AUCTION 14 | Tuesday, November 13th, 2001 at 1:00
Important Hebrew Printed Books and Manuscripts From the Library of the London Beth Din

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Lot 68


Polyglot. PSALMS) Psalterium, Hebreum, Grecum, Arabicum & Chaldeum, cum tribus latinis interpretationibus & glossis. Edited and with Latin commentary by Agostino Giustiniani. Text printed in eight columns across double-page: Hebrew, literal Latin translation from the Hebrew, Latin Vulgate, literal Latin from the Chaldee, Greek Septuagint, Arabic and Aramaic (Chaldee) ff. 200. ff.3, 8 & 73 duplicated. Few light stains in places, clean tear on final leaf neatly repaired, trimmed. Recent elegent chestnut blind-tooled morocco, spine in compartments, slip-case. Lg.4to Vinograd, Genoa 1; Adams B-1370; Darlow & Moule 1411

(Genoa): Petrus Paulus Porro for Nicolo Giustiniani Paulo 1516

Est: $15,000 - $18,000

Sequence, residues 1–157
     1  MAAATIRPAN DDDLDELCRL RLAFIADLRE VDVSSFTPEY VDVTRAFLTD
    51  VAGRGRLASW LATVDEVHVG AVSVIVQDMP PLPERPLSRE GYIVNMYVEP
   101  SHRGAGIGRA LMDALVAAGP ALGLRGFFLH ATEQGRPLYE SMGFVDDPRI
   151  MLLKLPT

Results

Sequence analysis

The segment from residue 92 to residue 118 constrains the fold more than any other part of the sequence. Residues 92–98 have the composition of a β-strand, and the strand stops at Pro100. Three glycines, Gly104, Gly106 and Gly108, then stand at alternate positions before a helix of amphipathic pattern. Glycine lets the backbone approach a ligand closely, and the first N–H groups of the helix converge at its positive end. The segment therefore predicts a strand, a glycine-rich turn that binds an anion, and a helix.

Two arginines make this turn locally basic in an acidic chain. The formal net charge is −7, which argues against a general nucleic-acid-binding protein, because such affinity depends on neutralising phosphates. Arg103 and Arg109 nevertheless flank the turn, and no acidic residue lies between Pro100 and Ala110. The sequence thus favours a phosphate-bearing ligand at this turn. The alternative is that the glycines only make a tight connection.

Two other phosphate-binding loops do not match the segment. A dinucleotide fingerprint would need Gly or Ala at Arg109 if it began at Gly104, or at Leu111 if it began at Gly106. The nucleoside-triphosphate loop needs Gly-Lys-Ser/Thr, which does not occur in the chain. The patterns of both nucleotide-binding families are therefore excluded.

FIRST POLYGLOT BIBLE EDITION. The Second Book Printed in Arabic. THE ONLY BOOK PRINTED AT GENOA IN THE FIRST QUARTER OF THE SIXTEENTH CENTURY. AN EARLY REFERENCE TO CHRISTOPHER COLUMBUS’ DISCOVERY OF AMERICA. The learned Dominican Agostino Giustinianni, Bishop of Nebbio in Corsica, and later Professor of Hebrew at the College de France, devoted himself to the study of Oriental languages. He spared no expense in the preparation of this first polyglot edition of the Book of Psalms which was popular with Churchmen of the age who sought Christological references in its lyrical, prophetic poetry. He summoned the Milanese printer Pietro Paulo Porro, a master-printer at Turin, to Genoa to undertake the printing of this work. In addition to this edition of 2,000 copies, Giustinianni printed 50 copies on vellum for presentation to royalty. His “Scholia” commentary reveals his considerable scholarship. Of particular interest are his comments on Psalm 19, verse 4; “Their line has gone out through all the earth and their words to the end of the world.” On this verse the bishop says; “In our own times, by his wonderful daring, Christopher Columbus, the Genoese, has discovered almost another world and a new congregation of Christians. In truth, as Columbus often maintained that God had chosen him as the instrument for the fulfillment of this prophecy, I deem it not improper here to refer to his life...” The lengthly note contains previously unpublished information on Columbus’ life and second voyage. See Amram, The Makers of Hebrew Books in Italy pp.225-9. For another copy recently sold at auction, see, Christie’s New York, The Helmut N. Friedlaender Library, Part I, Monday 23 April, 2001, Lot 133